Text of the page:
Health officials say that outbreaks are slowing but that activity is running high still in the state's hospitals, schools and other facilities.
Flu activity appears to have peaked in Minnesota, according to the latest state figures, but the virus remains a threat and has now contributed to more deaths this season than the infamous H1N1 strain did three years ago.
State health officials confirmed 15 more deaths last week, bringing the influenza-related death toll to 75 this winter. More than 200 people were hospitalized that week and nine long-term care facilities reported outbreaks, but both figures were lower than they were in the previous week. Schools are still being hit hard. There were 112 confirmed outbreaks last week, vs. 90 the previous week.
Health officials say it's still not too late to get flu shots as the season typically runs through March.
"We're glad to see that things are slowing down," said Kris Ehresmann, who directs the Minnesota Department of Health's vaccine and influenza programs. "But having said that, we've had such exceptional activity over the last couple of weeks. It's important to keep in mind that 208 hospitalizations over the last week is still a really large number. There still is a large amount of influenza activity."
Public concern over the flu season heightened in December and early January after two otherwise healthy teenagers died from influenza infections. But this season has been like most others in that influenza infections have been harshest on the elderly. Nine in 10 people who died from flu-related complications this season were 65 or older.
There were 67 deaths in the unusual 2009-2010 influenza season, when a new H1N1 strain of the virus circulated globally and sent a high number of children into hospitals with flu-like symptoms. There were only 33 deaths in last winter's relatively mild flu season.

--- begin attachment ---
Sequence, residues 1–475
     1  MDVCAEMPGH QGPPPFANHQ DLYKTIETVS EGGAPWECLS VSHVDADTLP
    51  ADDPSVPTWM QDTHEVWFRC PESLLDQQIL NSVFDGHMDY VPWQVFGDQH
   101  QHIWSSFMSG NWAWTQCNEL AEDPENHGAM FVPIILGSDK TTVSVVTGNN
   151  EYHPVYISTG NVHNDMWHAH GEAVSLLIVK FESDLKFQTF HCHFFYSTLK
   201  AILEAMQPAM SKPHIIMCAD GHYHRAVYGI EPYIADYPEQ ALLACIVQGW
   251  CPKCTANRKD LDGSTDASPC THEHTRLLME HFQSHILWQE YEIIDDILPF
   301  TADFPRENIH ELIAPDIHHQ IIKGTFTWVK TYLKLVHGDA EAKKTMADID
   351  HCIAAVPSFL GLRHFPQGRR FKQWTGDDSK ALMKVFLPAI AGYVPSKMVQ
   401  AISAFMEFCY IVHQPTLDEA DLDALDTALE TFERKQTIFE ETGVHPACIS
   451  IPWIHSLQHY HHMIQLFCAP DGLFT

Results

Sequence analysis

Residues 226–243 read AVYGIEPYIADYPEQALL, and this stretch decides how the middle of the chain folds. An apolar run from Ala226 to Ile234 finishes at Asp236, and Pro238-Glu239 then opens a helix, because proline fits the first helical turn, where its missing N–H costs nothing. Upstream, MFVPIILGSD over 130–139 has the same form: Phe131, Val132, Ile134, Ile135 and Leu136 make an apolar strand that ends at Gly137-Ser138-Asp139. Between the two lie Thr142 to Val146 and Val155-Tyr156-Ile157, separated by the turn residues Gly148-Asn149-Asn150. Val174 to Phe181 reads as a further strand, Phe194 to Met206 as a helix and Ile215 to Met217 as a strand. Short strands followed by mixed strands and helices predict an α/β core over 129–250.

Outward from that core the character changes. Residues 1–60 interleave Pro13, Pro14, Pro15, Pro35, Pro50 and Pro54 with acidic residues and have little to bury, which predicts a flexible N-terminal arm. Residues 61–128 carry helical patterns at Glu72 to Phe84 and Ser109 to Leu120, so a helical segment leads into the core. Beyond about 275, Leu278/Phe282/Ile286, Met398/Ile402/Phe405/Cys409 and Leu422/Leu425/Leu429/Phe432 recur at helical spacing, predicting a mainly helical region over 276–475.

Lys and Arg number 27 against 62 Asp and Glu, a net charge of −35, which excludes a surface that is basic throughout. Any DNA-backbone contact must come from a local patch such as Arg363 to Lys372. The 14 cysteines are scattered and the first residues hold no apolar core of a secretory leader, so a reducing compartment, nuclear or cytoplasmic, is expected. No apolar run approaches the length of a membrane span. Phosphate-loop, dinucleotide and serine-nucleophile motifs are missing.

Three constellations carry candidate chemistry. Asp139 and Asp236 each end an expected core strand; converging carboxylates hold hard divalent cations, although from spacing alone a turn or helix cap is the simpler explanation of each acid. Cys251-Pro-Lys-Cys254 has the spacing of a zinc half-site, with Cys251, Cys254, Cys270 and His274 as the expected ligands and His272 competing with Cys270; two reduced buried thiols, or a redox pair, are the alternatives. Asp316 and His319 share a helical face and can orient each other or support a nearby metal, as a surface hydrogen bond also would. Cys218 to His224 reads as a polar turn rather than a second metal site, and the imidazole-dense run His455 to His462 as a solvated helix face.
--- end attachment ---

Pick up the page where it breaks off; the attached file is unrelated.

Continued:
This season, in addition to the deaths, there have been 2,128 flu-related hospitalizations in Minnesota, 123 outbreaks in long-term care facilities and 374 reports of schools in which students had influenza-like illnesses.
The intensity of the flu season has prompted a variety of organizations to take extra precautions. Mayo Clinic in Rochester tightened its visitor policies, and the University of Minnesota loosened its attendance policy to discourage sick students from showing up on campus. At least one elementary school in southeast Minnesota had to close for most of a week because so many students reported flu symptoms.
In Ramsey County, judges have been trying to keep court business moving along by seating extra alternate jurors because so many jurors are getting sick, said David Marchetti, supervisor for jury operations. Still, a murder trial was delayed Thursday because of the flu.
"We're padding the numbers a pinch because of this issue," Marchetti said.
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